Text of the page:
The Four Processes of Motivational Interviewing

The Four Processes of Motivational Interviewing

The core skills associated with Motivational Interviewing are easily remembered with the acronym OARS.” (Can you name them?)  These are the tools of MI and it is true that each tool has an important function, BUT it is just as important to know when and how to use them.  Therefore, an understanding of the Four Processes is necessary.

According to Miller and Rollnick the Four Processes include 1. Engaging, 2. Focusing, 3. Evoking and 4. Planning. What to change and whether to change begins with engagement and leads to focusing or targeting a specific area to change.  Once a behavior is targeted for change, the change agent evokes from the client ways to expand the possibility of change until finally the client is participating in developing the blueprint or plan for how change will happen in their lives.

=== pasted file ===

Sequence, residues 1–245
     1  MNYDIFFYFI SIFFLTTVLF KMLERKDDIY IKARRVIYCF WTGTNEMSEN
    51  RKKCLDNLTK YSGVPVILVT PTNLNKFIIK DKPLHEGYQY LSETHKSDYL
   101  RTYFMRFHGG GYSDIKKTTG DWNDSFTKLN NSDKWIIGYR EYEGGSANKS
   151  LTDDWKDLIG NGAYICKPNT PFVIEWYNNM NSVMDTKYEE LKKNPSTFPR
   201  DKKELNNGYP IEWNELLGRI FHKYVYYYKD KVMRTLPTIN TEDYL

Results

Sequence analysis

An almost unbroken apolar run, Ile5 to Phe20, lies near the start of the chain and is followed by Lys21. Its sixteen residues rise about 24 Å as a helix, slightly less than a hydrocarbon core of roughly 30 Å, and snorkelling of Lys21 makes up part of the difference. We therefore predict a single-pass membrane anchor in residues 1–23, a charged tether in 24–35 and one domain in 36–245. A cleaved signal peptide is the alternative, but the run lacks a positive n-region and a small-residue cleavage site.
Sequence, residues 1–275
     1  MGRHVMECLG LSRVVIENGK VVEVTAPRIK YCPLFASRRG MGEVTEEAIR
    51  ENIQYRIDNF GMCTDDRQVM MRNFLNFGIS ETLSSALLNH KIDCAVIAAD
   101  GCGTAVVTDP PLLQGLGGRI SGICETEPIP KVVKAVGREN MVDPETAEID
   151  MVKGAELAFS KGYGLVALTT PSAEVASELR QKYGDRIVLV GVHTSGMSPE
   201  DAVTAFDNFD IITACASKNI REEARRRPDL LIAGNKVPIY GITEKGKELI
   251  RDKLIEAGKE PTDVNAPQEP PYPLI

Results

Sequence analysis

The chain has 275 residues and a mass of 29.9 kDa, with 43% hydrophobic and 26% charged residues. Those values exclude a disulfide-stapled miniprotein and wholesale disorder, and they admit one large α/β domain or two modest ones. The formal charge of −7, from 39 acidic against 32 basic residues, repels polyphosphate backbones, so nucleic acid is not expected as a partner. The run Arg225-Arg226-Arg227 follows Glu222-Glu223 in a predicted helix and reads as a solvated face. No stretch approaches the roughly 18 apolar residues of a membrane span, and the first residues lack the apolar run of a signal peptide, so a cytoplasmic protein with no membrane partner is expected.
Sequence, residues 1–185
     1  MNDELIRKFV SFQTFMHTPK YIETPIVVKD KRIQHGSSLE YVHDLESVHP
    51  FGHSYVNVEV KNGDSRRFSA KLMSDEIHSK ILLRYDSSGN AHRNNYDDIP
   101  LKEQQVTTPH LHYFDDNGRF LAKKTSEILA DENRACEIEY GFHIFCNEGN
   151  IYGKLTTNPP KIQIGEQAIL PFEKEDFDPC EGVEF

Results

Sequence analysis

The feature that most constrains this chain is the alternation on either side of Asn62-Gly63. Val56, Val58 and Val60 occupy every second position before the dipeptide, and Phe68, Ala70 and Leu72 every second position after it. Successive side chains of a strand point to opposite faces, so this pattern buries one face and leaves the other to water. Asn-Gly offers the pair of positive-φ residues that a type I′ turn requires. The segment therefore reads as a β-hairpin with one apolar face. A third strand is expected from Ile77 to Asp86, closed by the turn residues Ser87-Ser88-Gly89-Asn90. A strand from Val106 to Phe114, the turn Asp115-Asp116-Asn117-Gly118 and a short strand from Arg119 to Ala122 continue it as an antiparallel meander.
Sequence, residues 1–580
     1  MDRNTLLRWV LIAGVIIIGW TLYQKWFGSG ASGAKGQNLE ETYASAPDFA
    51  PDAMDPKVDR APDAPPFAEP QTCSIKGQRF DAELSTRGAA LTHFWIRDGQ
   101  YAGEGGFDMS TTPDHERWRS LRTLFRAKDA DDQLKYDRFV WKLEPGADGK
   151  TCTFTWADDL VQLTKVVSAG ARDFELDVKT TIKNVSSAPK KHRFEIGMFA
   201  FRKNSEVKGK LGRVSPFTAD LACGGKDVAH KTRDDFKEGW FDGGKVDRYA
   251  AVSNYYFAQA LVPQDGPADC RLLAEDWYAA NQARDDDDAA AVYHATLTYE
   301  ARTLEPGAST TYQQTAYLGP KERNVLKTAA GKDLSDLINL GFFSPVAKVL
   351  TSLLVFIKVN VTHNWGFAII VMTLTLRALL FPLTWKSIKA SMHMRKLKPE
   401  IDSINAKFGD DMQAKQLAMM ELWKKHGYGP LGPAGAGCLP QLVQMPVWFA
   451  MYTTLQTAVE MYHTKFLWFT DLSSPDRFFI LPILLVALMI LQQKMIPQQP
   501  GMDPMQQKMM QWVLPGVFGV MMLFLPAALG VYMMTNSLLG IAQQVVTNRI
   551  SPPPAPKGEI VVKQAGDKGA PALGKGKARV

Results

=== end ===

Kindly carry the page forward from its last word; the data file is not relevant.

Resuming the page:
Miller and Rollnick go on to say that the processes are linear and circular at the same time.  This means that each process builds on the prior one. “Each later process builds upon those that were laid down before and continue to run beneath it as a foundation.”

Let’s begin with a focus on the first process: Engaging…..

Engaging is when and how the working relationship between you and the client begins. It requires careful listening, empathy and giving the client space to offer their story.  It helps to avoid being the expert in their lives.  Further, demonstrating a willingness to understand the client’s perspective is key.  Taking the time to understand the client’s vision is crucial.  They may not be aware of how their current behavior is keeping them from the life they prefer. Engaging allows you to use the core skills to amplify ambivalence.